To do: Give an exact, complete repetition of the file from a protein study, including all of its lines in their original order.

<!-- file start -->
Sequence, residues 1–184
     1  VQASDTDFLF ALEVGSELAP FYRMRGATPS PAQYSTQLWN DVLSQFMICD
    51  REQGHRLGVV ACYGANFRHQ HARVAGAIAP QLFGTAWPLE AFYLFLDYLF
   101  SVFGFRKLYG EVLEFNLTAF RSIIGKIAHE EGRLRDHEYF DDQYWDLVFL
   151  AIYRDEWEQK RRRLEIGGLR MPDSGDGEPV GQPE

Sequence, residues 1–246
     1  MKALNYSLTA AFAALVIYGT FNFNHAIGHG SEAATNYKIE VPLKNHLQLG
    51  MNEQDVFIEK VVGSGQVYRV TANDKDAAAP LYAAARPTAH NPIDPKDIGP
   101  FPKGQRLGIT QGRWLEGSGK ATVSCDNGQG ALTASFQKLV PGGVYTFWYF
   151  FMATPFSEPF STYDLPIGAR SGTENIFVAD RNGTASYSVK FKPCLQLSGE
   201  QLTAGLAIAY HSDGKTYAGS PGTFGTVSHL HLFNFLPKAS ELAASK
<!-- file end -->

Sequence, residues 1–184
     1  VQASDTDFLF ALEVGSELAP FYRMRGATPS PAQYSTQLWN DVLSQFMICD
    51  REQGHRLGVV ACYGANFRHQ HARVAGAIAP QLFGTAWPLE AFYLFLDYLF
   101  SVFGFRKLYG EVLEFNLTAF RSIIGKIAHE EGRLRDHEYF DDQYWDLVFL
   151  AIYRDEWEQK RRRLEIGGLR MPDSGDGEPV GQPE

Sequence, residues 1–246
     1  MKALNYSLTA AFAALVIYGT FNFNHAIGHG SEAATNYKIE VPLKNHLQLG
    51  MNEQDVFIEK VVGSGQVYRV TANDKDAAAP LYAAARPTAH NPIDPKDIGP
   101  FPKGQRLGIT QGRWLEGSGK ATVSCDNGQG ALTASFQKLV PGGVYTFWYF
   151  FMATPFSEPF STYDLPIGAR SGTENIFVAD RNGTASYSVK FKPCLQLSGE
   201  QLTAGLAIAY HSDGKTYAGS PGTFGTVSHL HLFNFLPKAS ELAASK